Tar Heel team begins preservation of ancient Nepal temple

Religious studies scholar and computer scientist want to create 3D model of 1,500-year-old Buddhist shrine.

Landscape shot of Nepal during the day, overseeing buildings.
(photo by Jim Mahoney)

In a groundbreaking initiative, a team from Carolina’s College of Arts and Sciences traveled to Nepal in October to begin the digital preservation of one of the country’s most venerable religious shrines. The 1,500-year-old Swayambhu Temple, a jewel of Buddhist heritage perched atop a hill in the Kathmandu Valley, is one of 10 UNESCO World Heritage sites in Nepal.

Lauren Leve, an associate professor of religious studies, and Jim Mahaney, a research scientist in the computer science department, started the long process of capturing the data needed to create an accurate 3D model of the entire temple complex. One of the project’s goals is to allow UNC-Chapel Hill students a chance to visit Swayambhu in virtual reality.

The project leverages the distinct skill sets of Leve and Mahaney to both access and capture this sacred site. Leve and Mahaney are using a three-pronged data capture approach, combining 3D laser scans, photogrammetry and drone photography to create three separate models of the temple complex. The three models will then be combined to form one photorealistic model of the temple complex which will be viewable on multiple device types, so that access to the model is not limited by the technology available in different parts of the world.

Crowds, monkeys and lots of data

One challenge of capturing Swayambhu was working around crowds of people and animals. Typically, a historic site would be closed to allow for scanning and photogrammetry, but as an active temple, Swayambhu could not be closed and is visited by worshippers and tourists nearly 24 hours a day.

While the humans could be reasoned with, a local population of more than 400 rhesus macaque monkeys also has free range over the entire site. The monkeys refused to take direction from the team, often flaunting their independence by climbing about in the background of the scans. This interference will require hours of additional post-processing to remove monkeys from the 3D model.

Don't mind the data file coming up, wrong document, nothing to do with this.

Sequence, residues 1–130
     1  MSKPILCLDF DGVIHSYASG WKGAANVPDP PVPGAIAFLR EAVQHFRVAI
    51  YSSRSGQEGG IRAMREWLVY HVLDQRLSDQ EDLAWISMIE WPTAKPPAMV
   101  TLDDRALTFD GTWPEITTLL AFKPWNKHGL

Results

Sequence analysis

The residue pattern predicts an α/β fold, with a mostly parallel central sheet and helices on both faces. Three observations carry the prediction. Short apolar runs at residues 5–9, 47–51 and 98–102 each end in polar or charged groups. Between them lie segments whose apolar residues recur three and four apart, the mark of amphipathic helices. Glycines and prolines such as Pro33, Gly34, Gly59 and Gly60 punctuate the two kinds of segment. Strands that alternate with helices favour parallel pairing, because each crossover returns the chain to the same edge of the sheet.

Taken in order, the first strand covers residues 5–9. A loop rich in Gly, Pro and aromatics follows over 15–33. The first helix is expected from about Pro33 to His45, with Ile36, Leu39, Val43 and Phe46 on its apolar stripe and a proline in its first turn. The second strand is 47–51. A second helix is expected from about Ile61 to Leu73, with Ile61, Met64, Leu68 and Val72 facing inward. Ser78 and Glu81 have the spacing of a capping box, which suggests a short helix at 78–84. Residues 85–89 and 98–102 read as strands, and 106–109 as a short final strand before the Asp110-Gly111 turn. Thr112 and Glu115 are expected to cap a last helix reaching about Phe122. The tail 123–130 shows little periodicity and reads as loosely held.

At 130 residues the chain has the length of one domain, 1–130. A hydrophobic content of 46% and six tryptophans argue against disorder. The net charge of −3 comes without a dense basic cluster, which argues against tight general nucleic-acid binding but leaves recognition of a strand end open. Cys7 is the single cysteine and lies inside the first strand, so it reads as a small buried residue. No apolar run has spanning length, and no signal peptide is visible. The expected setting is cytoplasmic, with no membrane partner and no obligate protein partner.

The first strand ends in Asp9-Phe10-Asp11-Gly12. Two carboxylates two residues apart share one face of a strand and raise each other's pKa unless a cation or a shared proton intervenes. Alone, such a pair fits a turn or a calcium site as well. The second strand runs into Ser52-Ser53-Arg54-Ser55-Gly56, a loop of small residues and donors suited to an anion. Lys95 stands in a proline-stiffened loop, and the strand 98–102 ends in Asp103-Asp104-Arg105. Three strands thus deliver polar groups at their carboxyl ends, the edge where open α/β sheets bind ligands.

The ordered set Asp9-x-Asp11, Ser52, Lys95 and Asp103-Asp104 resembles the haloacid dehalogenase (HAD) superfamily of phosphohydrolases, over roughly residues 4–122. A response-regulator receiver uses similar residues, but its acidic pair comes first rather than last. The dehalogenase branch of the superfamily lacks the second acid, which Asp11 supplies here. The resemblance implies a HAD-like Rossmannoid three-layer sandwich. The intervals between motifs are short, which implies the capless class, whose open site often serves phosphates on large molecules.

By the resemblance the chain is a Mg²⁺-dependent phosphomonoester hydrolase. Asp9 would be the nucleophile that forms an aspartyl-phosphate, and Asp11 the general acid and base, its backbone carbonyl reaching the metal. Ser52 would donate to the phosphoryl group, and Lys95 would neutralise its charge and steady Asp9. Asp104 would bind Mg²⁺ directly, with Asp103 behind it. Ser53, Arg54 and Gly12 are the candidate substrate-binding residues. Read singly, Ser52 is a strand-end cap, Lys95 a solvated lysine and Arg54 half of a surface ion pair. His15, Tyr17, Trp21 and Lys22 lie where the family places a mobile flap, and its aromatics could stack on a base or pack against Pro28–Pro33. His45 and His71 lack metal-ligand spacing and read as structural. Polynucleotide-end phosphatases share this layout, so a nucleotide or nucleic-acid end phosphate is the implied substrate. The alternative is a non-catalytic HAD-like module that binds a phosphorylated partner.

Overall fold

Because of the task’s immense scale, Leve and Mahaney partnered with a local heritage preservation group, Baakhan Nyane waa (which translates from the Newar or Nepal Bhasa language as “Come, listen to stories”), and the Kathmandu Engineering College. Raj Maharjan from Baakhan Nyane waa worked with Mahaney to teach graduate students from the college in a seven-day course on laser scanning and photogrammetry, which included many hours of hands-on fieldwork at Swayambhu.

During the course, the team completed 92 scans and took thousands of photos from the ground and hundreds from the sky. The work of combining these into a 3D model will take many months and will provide opportunities for UNC-Chapel Hill computer science students to work with this dataset not only on editing process but also to explore various advanced techniques in virtual reality, such as redirected walking.

Students in Nepal will also continue to work with the data, making this an international collaboration that not only works to create an outstanding model of the site but considers the subtle nuances of how the site is viewed by the Nepalese.

While the amount of data collected on this first trip is vast, additional visits to Nepal are necessary to capture the entire temple. In a planned trip in October 2024, the team will begin expanding the model to include more of the structures located adjacent to the main temple.

This work is supported by a CFE/Lenovo Instructional Innovation grant with additional hardware support from Nvidia and the School of Data Science and Society.

Read more about this trip and the precursor to it.